Korean J Ophthalmol > Volume 38(3); 2024 > Article
Lee, Jung, Han, and Kim: A Rare Case of Hamartoma in Nasolacrimal Duct
Dear Editor,
Nasolacrimal duct (NLD) tumors are rare and incidence was reported 0.02% of all tumors arising in the head and neck, and only 1 % of patients receiving endoscopic dacryocystorhinostomy were found to have NLD tumor [1,2]. They present with obstructive symptoms like epiphora, and symptoms may be present even before radiographic abnormalities become evident [3]. Among NLD tumors, papilloma was the most frequently reported benign tumor and lymphoma was the most common malignant tumor [1,3]. Hamartoma of NLD is extremely rare; to our knowledge, there have been no reported cases before. Here we report a case of hamartoma in the NLD. Written informed consent for publication of the research details and clinical images was obtained from the patient.
A 35-year-old woman was referred to Seoul National University Bundang Hospital (Seongnam, Korea) for epiphora of the right eye that lasted for 2 months. She had no underlying disease except for a unilateral thyroidectomy due to a benign thyroid nodule 18 years ago. On examination, the best-corrected visual acuity was 20/20 in both eyes and the tear meniscus height was high on the right eye. Dacryocystography showed right intraluminal filling defects and orbital computed tomography showed a 1.7-cm-sized enhancing mass in the right NLD (Fig. 1A-1C). To clarify the nature of NLD mass, orbital magnetic resonance imaging was performed (Fig. 1D, 1E) and mass was suspected to be a benign tumor such as papilloma or oncocytoma.
Surgery was planned as a diagnostic dacryoendoscopy followed by endonasal dacryocystorhinostomy. Intraoperative dacryendoscopy revealed a yellowish mass in the NLD, and the likelihood of malignant tumor such as melanoma was low (Fig. 1F). Endonasal dacryocystorhinostomy was performed and after removing lacrimal bone and incising along the lacrimal sac and NLD, a yellowish mass in the NLD was exposed. Using microcup forceps, mass was easily pulled out (Fig. 1G). Histological examination showed a benign polypoid lesion with bland-looking mature stromal and mucinous glandular proliferation in disorganized pattern, consistent with hamartoma (Fig. 1H, 1I). Two months after the surgery, tear meniscus height was normalized and symptoms disappeared.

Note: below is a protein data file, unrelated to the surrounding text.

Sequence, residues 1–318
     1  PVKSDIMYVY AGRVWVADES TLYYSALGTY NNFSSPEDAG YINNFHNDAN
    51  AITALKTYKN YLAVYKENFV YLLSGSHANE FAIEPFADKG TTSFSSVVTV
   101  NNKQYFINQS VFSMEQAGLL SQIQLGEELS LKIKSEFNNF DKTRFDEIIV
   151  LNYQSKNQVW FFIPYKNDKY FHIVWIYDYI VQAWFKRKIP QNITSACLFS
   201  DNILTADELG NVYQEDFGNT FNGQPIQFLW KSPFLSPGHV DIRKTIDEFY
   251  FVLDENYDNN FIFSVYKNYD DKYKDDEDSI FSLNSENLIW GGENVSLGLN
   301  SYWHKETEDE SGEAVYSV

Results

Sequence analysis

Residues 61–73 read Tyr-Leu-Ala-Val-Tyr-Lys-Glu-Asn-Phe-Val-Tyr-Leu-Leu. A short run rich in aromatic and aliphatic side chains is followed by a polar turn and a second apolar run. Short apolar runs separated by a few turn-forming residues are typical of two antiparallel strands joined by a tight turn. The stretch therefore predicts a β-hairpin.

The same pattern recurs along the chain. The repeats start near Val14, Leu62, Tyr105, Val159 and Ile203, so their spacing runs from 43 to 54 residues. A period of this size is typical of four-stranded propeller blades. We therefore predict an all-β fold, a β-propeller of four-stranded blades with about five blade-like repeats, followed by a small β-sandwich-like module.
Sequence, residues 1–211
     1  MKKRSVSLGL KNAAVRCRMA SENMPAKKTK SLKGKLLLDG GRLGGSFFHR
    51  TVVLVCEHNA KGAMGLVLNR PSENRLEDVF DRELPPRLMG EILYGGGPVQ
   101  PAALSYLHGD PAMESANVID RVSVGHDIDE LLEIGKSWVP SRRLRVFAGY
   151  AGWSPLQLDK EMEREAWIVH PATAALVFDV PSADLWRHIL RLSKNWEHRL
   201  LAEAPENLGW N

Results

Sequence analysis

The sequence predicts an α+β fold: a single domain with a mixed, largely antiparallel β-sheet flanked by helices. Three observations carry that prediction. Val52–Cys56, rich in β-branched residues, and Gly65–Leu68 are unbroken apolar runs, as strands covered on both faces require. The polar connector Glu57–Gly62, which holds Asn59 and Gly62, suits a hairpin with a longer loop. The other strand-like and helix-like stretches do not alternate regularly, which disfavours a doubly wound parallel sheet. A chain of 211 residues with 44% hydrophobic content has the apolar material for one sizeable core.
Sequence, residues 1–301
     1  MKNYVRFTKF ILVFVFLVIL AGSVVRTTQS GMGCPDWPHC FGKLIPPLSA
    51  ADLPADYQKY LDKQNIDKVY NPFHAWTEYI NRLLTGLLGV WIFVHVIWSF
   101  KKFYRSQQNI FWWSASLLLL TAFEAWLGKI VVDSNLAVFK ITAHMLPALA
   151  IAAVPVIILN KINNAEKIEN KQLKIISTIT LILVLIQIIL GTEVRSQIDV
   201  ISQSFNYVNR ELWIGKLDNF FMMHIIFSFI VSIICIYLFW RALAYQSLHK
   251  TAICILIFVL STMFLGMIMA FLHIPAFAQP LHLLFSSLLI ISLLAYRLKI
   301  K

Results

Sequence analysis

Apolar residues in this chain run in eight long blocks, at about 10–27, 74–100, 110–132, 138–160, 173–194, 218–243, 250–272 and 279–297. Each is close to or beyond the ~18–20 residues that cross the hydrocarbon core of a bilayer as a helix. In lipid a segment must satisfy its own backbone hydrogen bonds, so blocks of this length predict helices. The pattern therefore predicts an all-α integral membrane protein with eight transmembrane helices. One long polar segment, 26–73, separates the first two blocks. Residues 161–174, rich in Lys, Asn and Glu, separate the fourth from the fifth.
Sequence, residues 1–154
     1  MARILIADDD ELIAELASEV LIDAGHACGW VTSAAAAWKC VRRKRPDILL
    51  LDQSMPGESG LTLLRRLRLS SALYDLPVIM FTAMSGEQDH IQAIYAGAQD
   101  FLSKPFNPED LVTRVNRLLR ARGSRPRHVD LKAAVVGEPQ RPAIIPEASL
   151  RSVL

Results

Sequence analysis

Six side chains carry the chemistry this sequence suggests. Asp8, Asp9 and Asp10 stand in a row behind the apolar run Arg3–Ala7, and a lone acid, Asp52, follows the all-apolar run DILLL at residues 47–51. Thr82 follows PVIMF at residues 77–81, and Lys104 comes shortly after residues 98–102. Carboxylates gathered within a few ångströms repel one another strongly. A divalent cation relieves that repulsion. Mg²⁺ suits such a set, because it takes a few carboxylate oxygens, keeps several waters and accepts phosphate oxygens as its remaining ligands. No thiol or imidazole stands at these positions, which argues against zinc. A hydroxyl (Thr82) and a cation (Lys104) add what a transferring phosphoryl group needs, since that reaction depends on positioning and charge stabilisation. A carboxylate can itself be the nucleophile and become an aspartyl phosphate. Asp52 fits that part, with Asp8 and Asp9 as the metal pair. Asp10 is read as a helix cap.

We first reported hamartoma in the NLD. There have been a few reports of NLD obstruction due to compression of NLD from surrounding tissues with hamartoma [4,5]. However, hamartoma in the lumen of the NLD is first reported.
NLD tumors are very rare and can be presented early as obstructive symptoms such as epiphora. Epiphora caused by NLD obstruction is frequent in old age and relatively rare in young age. Therefore, if young patients present with epiphora, although rare, NLD tumor should be suspected and thorough imaging should be performed. Especially, if epiphora is intermittent or bloody tearing is present, more attention should be paid [1,2].

Acknowledgements

None.

Notes

Conflicts of Interest: None.

Funding: None.

References

1. Tanweer F, Mahkamova K, Harkness P. Nasolacrimal duct tumours in the era of endoscopic dacryocystorhinostomy: literature review. J Laryngol Otol 2013;127:670-5.
crossref pmid
2. Vickers PG, Shue CL, Ahmad H. Radical resection for naso-lacrimal duct tumour. Med J Malaysia 1999;54:277-9.
pmid
3. Raslan OA, Ozturk A, Pham N, et al. A comprehensive review of cross-sectional imaging of the nasolacrimal drainage apparatus: what radiologists need to know. AJR Am J Roentgenol 2019;213:1331-40.
crossref pmid
4. Li GY, Fan B, Jiao YY. Endonasal endoscopy for removing nasal chondromesenchymal hamartoma extending from the lacrimal sac region. Can J Ophthalmol 2013;48:e22-3.
crossref pmid
5. Ali MJ. Septate dermoid cyst mimicking septate lacrimal sac diverticulum. Ophthalmic Plast Reconstr Surg 2019;35:e53.
crossref pmid

Fig. 1
Images of the case. (A-E) Preoperative examination. (A) Dacryocystography showed right intraluminal filling defects. (B,C) Computed tomography images demonstrated about 1.7-cm-sized enhancing mass in the right nasolacrimal duct (NLD). (D,E) Magnetic resonance images demonstrated soft tissue tumor in the lower part of the right NLD. (F,G) Intraoperative pictures. (F) Dacryoendoscopy revealed a yellowish mass in the NLD. (G) Gross specimen of the excised lesion. (H,I) Histopathologic examination showed benign polypoid lesion with bland-looking mature stromal and mucinous glandular proliferation in disorganized pattern. (H) Scale bar, 5 mm. (I) Scale bar, 300 μm.
kjo-2024-0018f1.jpg
TOOLS
METRICS Graph View
  • 0 Crossref
  •  0 Scopus
  • 246 View
  • 11 Download
Related articles


ABOUT
BROWSE ARTICLES
EDITORIAL POLICY
FOR CONTRIBUTORS
Editorial Office
SKY 1004 Building #701
50-1 Jungnim-ro, Jung-gu, Seoul 04508, Korea
Tel: +82-2-583-6520    Fax: +82-2-583-6521    E-mail: kos@ophthalmology.org                

Copyright © 2024 by Korean Ophthalmological Society.

Developed in M2PI

Close layer
prev next